J.C. Ryle on Preparing for Our Dying Hour
I love these perspectives from Anglican bishop J. C. Ryle (1816–1900) on preparing for death by living well. With every passing year, each of us have more precious family and friends who have gone to be with Christ. As we look forward to the day when we too will see Jesus face to face, may we lean into and serve Him like never before. —Randy Alcorn
In Our Dying Hour
The day may come when after a long fight with disease, we shall feel that medicine can do no more, and that nothing remains but to die. Friends will be standing by, unable to help us. Hearing, eyesight, even the power of praying, will be fast failing us. The world and its shadows will be melting beneath our feet. Eternity, with its realities, will be looming large before our minds.
What shall support us in that trying hour? What shall enable us to feel, “I fear no evil” (Psalm 23:4)? Nothing, nothing can do it but close communion with Christ. Christ dwelling in our hearts by faith—Christ putting His right arm under our heads—Christ felt to be sitting by our side—Christ can alone give us the complete victory in the last struggle.
Let us cleave to Christ more closely, love Him more heartily, live to Him more thoroughly, copy Him more exactly, confess Him more boldly, follow Him more fully. Religion like this will always bring its own reward. Worldly people may laugh at it. Weak brethren may think it extreme. But it will wear well. At even time it will bring us light. In sickness it will bring us peace. In the world to come it will give us a crown of glory that fadeth not away.
The time is short. The fashion of this world passeth away. A few more sicknesses, and all will be over. A few more funerals, and our own funeral will take place. A few more storms and tossings, and we shall be safe in harbour. We travel towards a world where there is no more sickness—where parting, and pain, and crying, and mourning, are done with for evermore.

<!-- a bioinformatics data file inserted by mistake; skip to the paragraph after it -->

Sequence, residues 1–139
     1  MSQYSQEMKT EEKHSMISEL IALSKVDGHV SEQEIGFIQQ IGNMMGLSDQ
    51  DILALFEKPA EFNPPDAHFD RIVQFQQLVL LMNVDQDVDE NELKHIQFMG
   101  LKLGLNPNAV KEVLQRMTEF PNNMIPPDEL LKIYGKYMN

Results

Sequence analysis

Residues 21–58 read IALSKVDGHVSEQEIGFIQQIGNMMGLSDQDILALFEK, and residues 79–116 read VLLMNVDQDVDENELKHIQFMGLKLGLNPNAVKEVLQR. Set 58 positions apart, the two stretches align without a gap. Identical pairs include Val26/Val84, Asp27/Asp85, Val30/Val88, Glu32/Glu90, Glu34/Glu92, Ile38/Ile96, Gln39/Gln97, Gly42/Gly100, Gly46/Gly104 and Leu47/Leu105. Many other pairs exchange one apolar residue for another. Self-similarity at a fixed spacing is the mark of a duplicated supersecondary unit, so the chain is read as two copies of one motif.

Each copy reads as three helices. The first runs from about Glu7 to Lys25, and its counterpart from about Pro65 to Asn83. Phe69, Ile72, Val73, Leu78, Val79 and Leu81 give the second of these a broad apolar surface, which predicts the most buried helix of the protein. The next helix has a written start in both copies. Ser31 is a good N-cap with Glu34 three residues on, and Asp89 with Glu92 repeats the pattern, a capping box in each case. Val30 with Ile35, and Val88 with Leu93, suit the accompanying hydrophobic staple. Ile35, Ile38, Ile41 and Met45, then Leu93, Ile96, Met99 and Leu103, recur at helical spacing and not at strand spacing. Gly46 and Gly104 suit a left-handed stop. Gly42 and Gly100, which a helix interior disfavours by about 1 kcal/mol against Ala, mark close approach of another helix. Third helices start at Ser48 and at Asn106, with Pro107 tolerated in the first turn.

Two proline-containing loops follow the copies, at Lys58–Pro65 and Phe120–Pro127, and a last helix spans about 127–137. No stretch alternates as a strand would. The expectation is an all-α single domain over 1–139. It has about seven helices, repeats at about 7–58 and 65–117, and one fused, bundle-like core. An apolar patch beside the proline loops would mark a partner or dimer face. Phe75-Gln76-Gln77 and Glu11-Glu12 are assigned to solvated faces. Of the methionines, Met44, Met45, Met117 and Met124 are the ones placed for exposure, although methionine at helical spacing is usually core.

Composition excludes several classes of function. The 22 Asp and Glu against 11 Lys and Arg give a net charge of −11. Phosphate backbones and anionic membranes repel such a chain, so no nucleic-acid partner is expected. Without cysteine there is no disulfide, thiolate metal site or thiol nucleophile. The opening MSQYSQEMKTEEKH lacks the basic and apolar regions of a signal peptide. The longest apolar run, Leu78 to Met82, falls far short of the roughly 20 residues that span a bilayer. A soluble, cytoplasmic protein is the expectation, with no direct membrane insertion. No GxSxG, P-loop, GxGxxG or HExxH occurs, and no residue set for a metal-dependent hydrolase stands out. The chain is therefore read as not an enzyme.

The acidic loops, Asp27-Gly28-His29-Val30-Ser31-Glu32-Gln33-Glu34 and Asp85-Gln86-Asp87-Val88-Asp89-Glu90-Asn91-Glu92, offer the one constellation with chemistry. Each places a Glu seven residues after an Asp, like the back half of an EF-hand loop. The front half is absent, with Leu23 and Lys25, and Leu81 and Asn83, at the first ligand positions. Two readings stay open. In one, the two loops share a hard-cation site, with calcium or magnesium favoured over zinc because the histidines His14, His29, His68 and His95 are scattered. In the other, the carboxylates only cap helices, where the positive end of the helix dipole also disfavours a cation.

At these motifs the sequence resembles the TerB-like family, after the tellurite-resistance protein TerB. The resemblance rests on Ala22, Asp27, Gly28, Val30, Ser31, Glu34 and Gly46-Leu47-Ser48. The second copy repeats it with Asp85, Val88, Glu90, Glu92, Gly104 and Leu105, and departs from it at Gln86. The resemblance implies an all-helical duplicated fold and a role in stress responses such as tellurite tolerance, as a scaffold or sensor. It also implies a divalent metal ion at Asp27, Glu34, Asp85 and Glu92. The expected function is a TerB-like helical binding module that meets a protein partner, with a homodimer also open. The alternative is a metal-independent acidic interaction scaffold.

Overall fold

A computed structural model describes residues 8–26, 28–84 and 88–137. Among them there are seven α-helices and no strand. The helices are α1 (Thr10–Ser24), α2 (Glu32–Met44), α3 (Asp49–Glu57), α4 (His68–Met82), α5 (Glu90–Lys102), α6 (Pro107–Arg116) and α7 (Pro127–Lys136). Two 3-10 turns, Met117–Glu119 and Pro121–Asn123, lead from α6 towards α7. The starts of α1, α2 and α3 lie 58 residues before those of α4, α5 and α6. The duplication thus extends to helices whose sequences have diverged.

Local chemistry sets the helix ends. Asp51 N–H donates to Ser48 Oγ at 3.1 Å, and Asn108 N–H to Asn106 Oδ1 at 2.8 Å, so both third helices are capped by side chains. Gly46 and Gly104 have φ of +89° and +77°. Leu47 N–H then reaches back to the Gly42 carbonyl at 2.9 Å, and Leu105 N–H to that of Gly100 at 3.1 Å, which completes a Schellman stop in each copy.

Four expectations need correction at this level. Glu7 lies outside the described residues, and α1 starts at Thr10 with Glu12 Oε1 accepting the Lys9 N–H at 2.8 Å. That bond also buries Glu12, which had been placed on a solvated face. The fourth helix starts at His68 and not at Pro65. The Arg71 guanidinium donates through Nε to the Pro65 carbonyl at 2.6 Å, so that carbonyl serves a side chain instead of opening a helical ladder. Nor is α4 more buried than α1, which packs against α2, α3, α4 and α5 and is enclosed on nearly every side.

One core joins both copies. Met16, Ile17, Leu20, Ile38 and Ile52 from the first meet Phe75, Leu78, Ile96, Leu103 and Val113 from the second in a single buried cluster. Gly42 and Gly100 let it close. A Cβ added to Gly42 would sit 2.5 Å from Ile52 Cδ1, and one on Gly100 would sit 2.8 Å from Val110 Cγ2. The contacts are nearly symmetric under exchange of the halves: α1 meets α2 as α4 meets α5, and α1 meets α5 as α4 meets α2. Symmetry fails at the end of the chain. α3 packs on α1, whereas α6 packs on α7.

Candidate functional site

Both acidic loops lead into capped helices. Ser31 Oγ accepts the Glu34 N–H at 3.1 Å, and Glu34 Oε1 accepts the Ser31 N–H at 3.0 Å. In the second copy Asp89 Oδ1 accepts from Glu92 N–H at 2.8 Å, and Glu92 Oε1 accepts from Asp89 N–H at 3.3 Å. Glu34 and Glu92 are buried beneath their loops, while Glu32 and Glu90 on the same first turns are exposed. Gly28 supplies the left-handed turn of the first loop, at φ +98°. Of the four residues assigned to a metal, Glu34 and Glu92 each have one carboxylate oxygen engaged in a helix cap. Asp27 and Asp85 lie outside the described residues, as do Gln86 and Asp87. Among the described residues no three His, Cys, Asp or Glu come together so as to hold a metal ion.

Heaven is becoming every year more full, and earth more empty. The friends ahead are becoming more numerous than the friends astern. “Yet a little time and He that shall come will come, and will not tarry” (Heb. 10:37). In His presence shall be fulness of joy. Christ shall wipe away all tears from His people’s eyes. The last enemy that shall be destroyed is Death. But he shall be destroyed. Death himself shall one day die (Rev. 20:14).
In the meantime let us live the life of faith in the Son of God. Let us lean all our weight on Christ, and rejoice in the thought that He lives for evermore. Yes: blessed be God! Christ lives, though we may die. Christ lives, though friends and families are carried to the grave. He lives who abolished death, and brought life and immortality to light by the Gospel.
He lives who said, “O death, I will be thy plagues: O grave, I will be thy destruction” (Hos. 13:14). He lives who will one day change our vile body, and make it like unto His glorious body. In sickness and in health, in life and in death, let us lean confidently on Him. Surely we ought to say daily with one of old, “Blessed be God for Jesus Christ!”
—J.C. Ryle, “Sickness” in Practical Religion: Being Plain Papers on the Daily Duties, Experience, Dangers, and Privileges of Professing Christians (London: Charles Murray, 1900), 372-374. (online source)